Newspaper article The Florida Times Union

University Performance Standards Get Another Look; by Lloyd Dunkelberger

Newspaper article The Florida Times Union

University Performance Standards Get Another Look; by Lloyd Dunkelberger

Article excerpt

Byline: The News Service of Florida

TALLAHASSEE -- The House is taking another look at performance standards for state universities, after supporters of some schools, including Florida A&M University, say they are being shortchanged in a system that denies extra funding to the "bottom three" universities.

Currently, universities compete annually for a pot of state performance money that is awarded after the schools are ranked by the system's Board of Governors on 10 measurements, including a six-year graduation rate, salaries of recent graduates, retention of students and student costs.

The funds totaled $245 million this academic year. And the money can provide a significant boost to schools that qualify. The University of Florida, which topped the rankings, earned $55 million.

The top schools split the money based on a formula, but the bottom three do not receive any state performance funds. Florida Polytechnic University, the state's newest school, does not yet participate.

Finishing in the bottom three meant FAMU, which earned $11.5 million in 2016-2017, and Florida Gulf Coast University, which earned $8 million, as well as the University of North Florida, did not receive any state performance funds this year.

On the other hand, several schools that previously had finished in the bottom three improved their academic performance and moved up in the rankings. The University of West Florida made one of the most-significant moves, earning $21 million in performance funding. New College of Florida, the smallest institution in the system, also qualified for the first time, earning $2.5 million.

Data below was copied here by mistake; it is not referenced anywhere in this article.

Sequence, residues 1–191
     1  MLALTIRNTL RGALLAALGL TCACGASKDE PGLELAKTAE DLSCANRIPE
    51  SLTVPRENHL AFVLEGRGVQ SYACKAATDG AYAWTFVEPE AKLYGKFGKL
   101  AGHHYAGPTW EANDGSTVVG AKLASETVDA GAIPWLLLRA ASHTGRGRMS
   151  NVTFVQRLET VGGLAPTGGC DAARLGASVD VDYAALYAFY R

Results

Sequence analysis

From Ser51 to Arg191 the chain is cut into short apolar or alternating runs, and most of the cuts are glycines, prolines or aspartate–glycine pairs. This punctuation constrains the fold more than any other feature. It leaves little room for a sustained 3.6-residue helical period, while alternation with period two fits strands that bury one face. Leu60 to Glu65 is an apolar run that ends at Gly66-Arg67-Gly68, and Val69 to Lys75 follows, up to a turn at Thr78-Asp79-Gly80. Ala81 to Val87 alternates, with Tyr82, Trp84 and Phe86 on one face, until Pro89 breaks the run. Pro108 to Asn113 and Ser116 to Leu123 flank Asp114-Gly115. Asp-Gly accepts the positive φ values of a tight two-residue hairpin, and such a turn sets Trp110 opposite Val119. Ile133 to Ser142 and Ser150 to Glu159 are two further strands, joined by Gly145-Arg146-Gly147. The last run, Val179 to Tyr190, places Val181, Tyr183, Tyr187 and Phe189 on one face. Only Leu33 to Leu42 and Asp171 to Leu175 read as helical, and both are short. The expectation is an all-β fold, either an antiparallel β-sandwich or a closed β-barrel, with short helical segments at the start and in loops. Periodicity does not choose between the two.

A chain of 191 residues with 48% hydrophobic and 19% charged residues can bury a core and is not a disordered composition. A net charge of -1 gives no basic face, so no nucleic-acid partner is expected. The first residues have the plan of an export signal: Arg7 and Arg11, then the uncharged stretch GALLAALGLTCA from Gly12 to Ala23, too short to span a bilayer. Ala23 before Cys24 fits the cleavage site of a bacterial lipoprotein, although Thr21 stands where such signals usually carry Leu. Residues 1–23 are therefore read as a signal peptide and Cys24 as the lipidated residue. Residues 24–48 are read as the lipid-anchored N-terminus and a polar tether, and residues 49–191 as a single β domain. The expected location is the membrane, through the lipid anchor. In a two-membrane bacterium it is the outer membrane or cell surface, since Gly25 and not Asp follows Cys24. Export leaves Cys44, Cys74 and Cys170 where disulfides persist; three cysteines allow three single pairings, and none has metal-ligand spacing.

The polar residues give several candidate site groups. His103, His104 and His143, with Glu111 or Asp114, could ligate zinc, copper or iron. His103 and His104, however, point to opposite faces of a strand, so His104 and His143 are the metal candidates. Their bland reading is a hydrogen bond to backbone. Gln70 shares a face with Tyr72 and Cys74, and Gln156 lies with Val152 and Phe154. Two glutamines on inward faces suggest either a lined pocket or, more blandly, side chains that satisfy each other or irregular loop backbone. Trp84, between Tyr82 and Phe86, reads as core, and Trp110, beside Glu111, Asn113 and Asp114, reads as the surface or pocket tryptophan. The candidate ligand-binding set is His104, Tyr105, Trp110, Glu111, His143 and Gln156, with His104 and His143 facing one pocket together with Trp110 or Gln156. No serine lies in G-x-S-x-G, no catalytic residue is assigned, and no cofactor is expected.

But Rep. Ramon Alexander, a Tallahassee Democrat and former FAMU student body president, said the ranking system is unfair, pitting vastly different institutions, like the University of Florida, a major research university, against New College, a small liberal arts school.

"The state university system and how we determine and how we pick winners and losers is a very flawed system," Alexander said, as the House Higher Education Appropriations Subcommittee approved a major higher-education bill (HB 423) last week.

Alexander said there has been $719 million in state performance funding available over the past four years, but some schools have only received a small share of those funds: FAMU, $17 million; Florida Gulf Coast, $16 million; the University of North Florida, $11 million; and New College, $2.5 million.

"We're picking winners and losers and it's creating a larger and larger and larger gap," Alexander said.

He also said it was unfair to withhold money from the bottom three if they were improving academically yet still trailed the top schools in the performance-funding formula. …

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